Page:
Co-Leading With Your Spouse
Your great marriage relationship can also be a great ministry partnership
One of the trends we’re seeing in church planting, and in church leadership in general, is the growing number of pastors co-leading with their spouses. This model of ministry comes with many benefits for the ministry leaders and the church, but to do it well there are several factors to consider.
The marriage relationship is certainly special. The two of you already have a great partnership when it comes to your marriage, household and children. It might make sense to translate that to your church. I believe that co-leading with your spouse is a potentially great way not only to increase your effectiveness and influence as a minister but also to deepen your relationship with your spouse.
There are some things to consider before jumping in, though. You want to guard against something that looks good on paper but may be bad in reality. You need to be committed to the concept and prepared for the process before you begin.
Determine a Strategy
Co-leading with your spouse should never be a fallback option. I believe you should only consider co-leading if you both feel called to the ministry individually. To work in a church absent of a call can be a recipe for disaster. Just because your spouse is a minister doesn’t mean you need to be as well.
The strategy begins with a shared call and is followed up with a perceived need. Whatever your reasons for co-leading, make sure your strategy fits it. For instance, if you want to maintain a better balance of church and home responsibilities, make sure this option actually works to that end. If co-leading will require both of you to be away from home for extended hours weekly, then your strategy wasn’t successful.
Next, gauge the interest from your church. Does it support the idea? Is there a need for both of you to lead? Is the congregation invested in your mutual call to ministry? These answers will guide your strategy.
Now that you have a framework for your goals, match your strategy against them. Every successful strategy has an end point in mind. What do you want your church to look like with co-pastors? How do you see your own ministry benefiting from it? Work backwards from there, putting in place leadership structure and job descriptions that get you there.
Decide on Roles
Co-leading can mean a lot of different things, so be clear about your roles. For some, it may mean your church now has two lead pastors. In other scenarios, each of you has a separate title but you share similar authority. Being crystal-clear about this when you present it to your church is crucial.
As spouses, you are one flesh but still individual persons. Don’t deny the latter to leverage the former. That means honoring and supporting each other in ministry, including the roles you play in church.
Settle your priorities in marriage before your responsibilities in the church.
God used the term “helper” to describe the institution of marriage (Genesis 2:18). That means the husband and wife work together, not separately, for a shared, common goal. Fill in your spouse’s gaps as he or she fills in yours.
Here’s the principle: God has placed you and your spouse together in a partnership. Your spouse can do what you can’t, and vice versa. Use your individual roles as a way to highlight that truth.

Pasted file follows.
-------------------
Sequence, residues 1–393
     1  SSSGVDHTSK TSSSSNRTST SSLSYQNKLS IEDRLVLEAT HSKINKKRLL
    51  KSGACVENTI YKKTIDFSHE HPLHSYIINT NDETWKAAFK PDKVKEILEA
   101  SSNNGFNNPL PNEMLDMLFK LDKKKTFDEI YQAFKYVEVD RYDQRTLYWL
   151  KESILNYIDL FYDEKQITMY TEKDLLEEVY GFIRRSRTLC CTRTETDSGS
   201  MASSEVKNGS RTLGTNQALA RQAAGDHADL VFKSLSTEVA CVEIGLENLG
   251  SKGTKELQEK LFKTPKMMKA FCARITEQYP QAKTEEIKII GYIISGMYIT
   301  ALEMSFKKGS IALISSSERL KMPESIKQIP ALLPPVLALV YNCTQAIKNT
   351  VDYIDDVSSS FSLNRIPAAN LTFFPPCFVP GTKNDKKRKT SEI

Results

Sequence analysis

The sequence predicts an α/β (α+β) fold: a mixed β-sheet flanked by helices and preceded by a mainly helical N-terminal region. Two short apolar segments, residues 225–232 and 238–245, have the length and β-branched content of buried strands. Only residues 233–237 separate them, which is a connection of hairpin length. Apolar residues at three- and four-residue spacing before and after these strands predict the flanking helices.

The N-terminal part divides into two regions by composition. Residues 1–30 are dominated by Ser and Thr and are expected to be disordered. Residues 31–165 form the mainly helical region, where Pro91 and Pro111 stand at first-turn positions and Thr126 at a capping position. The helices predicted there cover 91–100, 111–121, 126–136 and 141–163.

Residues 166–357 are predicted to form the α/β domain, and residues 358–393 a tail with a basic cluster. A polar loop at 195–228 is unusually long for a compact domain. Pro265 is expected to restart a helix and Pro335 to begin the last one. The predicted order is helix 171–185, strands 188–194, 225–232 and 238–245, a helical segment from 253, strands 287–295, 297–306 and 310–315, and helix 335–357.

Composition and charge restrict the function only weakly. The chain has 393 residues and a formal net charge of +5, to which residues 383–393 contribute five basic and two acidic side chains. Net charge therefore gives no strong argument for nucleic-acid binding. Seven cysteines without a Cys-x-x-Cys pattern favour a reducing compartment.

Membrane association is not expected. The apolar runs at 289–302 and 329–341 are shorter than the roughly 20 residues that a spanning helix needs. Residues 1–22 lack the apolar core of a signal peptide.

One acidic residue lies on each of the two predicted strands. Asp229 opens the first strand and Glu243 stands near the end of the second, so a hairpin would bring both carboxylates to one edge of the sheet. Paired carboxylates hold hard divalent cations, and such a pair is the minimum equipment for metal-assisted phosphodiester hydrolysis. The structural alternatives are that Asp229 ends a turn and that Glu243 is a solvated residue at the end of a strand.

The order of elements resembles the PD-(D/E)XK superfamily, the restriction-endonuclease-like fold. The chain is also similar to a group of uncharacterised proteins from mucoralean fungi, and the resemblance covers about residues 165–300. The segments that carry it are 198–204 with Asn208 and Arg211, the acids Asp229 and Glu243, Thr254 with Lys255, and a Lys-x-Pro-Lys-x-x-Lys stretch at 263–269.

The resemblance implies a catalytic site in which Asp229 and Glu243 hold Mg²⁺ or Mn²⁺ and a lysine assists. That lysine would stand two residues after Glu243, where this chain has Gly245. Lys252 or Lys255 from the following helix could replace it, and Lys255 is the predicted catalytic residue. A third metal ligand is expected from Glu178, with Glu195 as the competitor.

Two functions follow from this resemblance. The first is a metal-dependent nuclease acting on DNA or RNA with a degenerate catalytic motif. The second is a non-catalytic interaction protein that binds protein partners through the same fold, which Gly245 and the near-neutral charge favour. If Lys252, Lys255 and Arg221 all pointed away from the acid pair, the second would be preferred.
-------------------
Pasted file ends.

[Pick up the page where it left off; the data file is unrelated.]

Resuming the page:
The benefit of this style of leadership is that no one person carries the whole load. Dividing responsibilities means sharing the burden and benefit of pastoring.
One failure of the co-pastoring model is that responsibilities and tasks are either vaguely defined or unfairly divided. Those can still be problems when spouses lead together. In fact, it can be a bigger hindrance given your close, intimate relationship.
Seasons change, and sometimes the roles and responsibilities shift to meet the changing seasons. The key here is flexibility and clarity. Be flexible to adjust to changing realities in your family and with your staff, and also be clear with each other and those around you about what the changes look like and mean.
Avoid assumptions about the roles of men and women in church, too. It goes without saying that a woman is better equipped to lead a women’s ministry. However, not all wives are called or gifted to be children’s ministers. So make sure you understand each other’s giftings and callings. And communicate those well to the rest of the staff and church.
After you’ve divided up responsibilities, do your best to stay out of each other’s lane. If someone approaches you about a concern in your spouse’s ministry area, refer that person on rather than handling it yourself.
And be very upfront and supportive of your spouse if anyone comes to you with a complaint about a decision your spouse has made. As a co-leader, he or she has just as much authority as you do to make a decision.
It’s important to be proactive and seek help and advice before there’s an issue rather than after. Seek a mentor couple or even counselor to process this unique dynamic. When my wife, Cara, came on staff full-time with me, we proactively started seeing a marriage counselor twice a month. This was not in response to an issue we had, but to prevent one from arising. It was incredibly helpful for us.
Whether you co-lead with your spouse as senior pastors, work together on staff, or support them in a non-ministry role, it’s important to see your marriage and ministry as teamwork. You each contribute at home and at church to help each other feel fulfilled. And as a couple, you share a unique relationship that God can use to sharpen each of you.
The challenge is big, but the rewards may be bigger. Settle your priorities in marriage before your responsibilities in the church. Don’t ever let co-leading get in the way of the great relationship you are establishing with your spouse. And don’t let fear drive you from a great partnership you could have in ministry.